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The inglorious rail news this July 2013 gave railway signaling on the front of the stage, especially with the tragedy of Santiago de Compostela. The main problem seems to be that the transition between ETCS 2 and the national level, said "STM". A brief overview to put together the various pieces of the jigsaw, with an article which is deliberately lightweight, in order to make easy the learning and understanding.
Incompatibles national systems
Since the beginning of the century, almost all railroads of Europe were nationalized. And who says national railway say national technology, at this time when Europe was synonymous with war, destruction and most importantly, everyone in their own borders. Since the 50s, the progress of electrical helped establish two essential elements for signaling and traffic control:
1) the lateral signaling on which the drivers must unconditional obey and,
2) the train detection system, which is never mentioned, which is essential for the detection of trains and traffic management through a centralized cabin.
The both go together : occupying a track circuit of 700 to 2000 m means the presence of a train, which influences the appearance of the signals behind the train to avoid the risk of catching by another train. The development of security has changed how to drive a train: some yellow or flashing aspects or other signals aspects require an acknowledgment from the driver, who must push on an ad-hoc button to confirm that has read the right signal with is good appearance. If he does not, there is in principle an emergency stop, but there exist cases with more complex figure where it's different. We are of course not entering into details.
All this to say that this signaling technology has developed over the decades on the basis of strictly national criteria. From one country to another, protection systems are not identical and do not provide the same quality of safety. And that is a problem for the European rail market ...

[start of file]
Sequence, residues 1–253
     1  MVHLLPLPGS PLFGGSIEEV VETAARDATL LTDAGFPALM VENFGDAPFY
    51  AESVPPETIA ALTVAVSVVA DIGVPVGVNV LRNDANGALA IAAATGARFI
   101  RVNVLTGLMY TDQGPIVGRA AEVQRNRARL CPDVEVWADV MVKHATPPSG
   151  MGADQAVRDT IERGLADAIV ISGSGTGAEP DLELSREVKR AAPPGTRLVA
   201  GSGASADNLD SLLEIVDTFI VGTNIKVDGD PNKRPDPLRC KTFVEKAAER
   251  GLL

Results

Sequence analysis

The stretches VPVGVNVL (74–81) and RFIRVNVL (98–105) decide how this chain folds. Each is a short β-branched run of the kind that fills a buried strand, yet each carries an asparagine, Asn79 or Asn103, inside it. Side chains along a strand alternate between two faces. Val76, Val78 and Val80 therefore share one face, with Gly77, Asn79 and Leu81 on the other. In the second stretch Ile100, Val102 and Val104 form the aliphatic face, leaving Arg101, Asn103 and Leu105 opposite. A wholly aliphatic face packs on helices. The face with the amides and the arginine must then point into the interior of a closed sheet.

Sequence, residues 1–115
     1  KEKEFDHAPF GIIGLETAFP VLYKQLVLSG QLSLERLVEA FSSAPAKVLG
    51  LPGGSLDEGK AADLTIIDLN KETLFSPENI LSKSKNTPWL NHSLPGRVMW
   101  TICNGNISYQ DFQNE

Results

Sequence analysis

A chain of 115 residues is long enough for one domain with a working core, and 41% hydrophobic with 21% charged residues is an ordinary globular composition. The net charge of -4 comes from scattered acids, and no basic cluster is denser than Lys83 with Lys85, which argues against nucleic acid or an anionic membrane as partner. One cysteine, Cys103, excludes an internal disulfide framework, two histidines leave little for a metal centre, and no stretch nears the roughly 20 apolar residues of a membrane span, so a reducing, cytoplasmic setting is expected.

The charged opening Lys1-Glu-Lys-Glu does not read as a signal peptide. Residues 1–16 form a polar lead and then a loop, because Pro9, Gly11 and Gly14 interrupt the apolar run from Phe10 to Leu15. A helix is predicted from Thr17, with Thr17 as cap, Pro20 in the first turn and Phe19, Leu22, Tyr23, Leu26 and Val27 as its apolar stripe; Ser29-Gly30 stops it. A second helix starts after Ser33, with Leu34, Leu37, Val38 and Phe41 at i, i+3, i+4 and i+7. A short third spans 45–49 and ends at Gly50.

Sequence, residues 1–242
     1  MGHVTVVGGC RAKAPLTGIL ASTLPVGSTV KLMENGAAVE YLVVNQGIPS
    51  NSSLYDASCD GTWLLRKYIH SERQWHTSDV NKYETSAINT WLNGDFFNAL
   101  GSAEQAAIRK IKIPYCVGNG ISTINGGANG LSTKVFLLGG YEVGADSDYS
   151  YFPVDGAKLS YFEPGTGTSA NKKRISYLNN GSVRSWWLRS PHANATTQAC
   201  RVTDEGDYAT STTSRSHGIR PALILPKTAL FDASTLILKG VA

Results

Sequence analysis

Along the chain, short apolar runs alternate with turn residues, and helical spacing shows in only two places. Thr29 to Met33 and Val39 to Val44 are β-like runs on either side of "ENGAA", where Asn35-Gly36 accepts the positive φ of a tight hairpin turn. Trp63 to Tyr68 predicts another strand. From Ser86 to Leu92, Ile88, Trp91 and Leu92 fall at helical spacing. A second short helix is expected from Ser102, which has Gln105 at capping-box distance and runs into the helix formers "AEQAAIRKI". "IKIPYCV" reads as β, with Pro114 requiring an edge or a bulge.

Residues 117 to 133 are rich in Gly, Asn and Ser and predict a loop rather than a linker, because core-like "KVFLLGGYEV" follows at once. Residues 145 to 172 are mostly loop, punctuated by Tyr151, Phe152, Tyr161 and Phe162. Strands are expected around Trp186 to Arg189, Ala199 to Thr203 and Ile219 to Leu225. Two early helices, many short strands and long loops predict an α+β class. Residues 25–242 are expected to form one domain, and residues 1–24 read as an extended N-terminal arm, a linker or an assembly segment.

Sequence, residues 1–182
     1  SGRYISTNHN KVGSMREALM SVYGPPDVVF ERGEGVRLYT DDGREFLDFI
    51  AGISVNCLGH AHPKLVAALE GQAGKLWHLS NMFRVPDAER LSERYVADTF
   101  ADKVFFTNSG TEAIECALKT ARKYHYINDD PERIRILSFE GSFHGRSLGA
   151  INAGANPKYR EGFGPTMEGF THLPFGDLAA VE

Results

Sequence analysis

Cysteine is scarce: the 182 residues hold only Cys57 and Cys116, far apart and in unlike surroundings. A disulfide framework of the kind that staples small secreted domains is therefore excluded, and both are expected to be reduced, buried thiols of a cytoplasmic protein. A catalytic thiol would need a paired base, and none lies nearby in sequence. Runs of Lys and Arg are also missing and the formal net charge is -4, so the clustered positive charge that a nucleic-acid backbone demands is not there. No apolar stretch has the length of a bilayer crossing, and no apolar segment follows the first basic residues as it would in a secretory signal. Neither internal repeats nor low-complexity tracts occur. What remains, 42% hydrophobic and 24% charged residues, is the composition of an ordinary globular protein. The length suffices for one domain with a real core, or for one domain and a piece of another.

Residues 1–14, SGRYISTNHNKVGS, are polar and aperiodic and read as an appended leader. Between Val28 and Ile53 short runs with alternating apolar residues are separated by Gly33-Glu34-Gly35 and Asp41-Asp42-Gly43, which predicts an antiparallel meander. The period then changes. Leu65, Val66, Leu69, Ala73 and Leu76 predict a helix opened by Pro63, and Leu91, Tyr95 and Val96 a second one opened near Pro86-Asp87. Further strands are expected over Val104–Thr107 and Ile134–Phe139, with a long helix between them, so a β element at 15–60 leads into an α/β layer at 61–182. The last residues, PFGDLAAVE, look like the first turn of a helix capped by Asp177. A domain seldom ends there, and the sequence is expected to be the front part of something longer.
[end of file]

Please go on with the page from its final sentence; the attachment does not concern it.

At the meantime…
The lateral signaling has its limits, particularly in terms of line’s capacity: 6, 8,10 trains per hour, some lines no longer offered any possibility to increasing the number of train without a complete overhaul, and very expensive, of the signaling area. Came the idea of transposing to the “commuters trains” what is done with TGV, AVE and german’s ICE :give orders in the driving cab, and do not obey to lateral signals. Extensive program here brought together several networks and manufacturers to edit - finally - the accepted obligatory for all common standards. It was sufficient to…
There are previously 3 levels of ETCS. Its implementation on a classic line is ex officio superposition with existing signalization, which should not be removed. Why? Because during the next fifteen / twenty years ahead or more, older trains will continue to run without being equipped with ETCS on-board equipment, because they will go in early future to scrap metal yard. We have today a mixture of non-equipped trains and equipped trains.
Cardinal principle: transmission of information on board.
This theme appeals to the general public: it seems simple, with a "simple mobile”. But in the case of a SIL 4 safety rail factor, transmission of information on board is much more complex than the “publics toys interfaces ", we can see to these pages.
In level 1: information is transmitted by balises in the tracks. This already complete technology allows short messages and do not support the speed curve. In addition, the train receive the information sporadically, when it passes on each balises. The driver always observed lateral signals, which demonstrates the importance to do not disassemble any part of the existing signalization.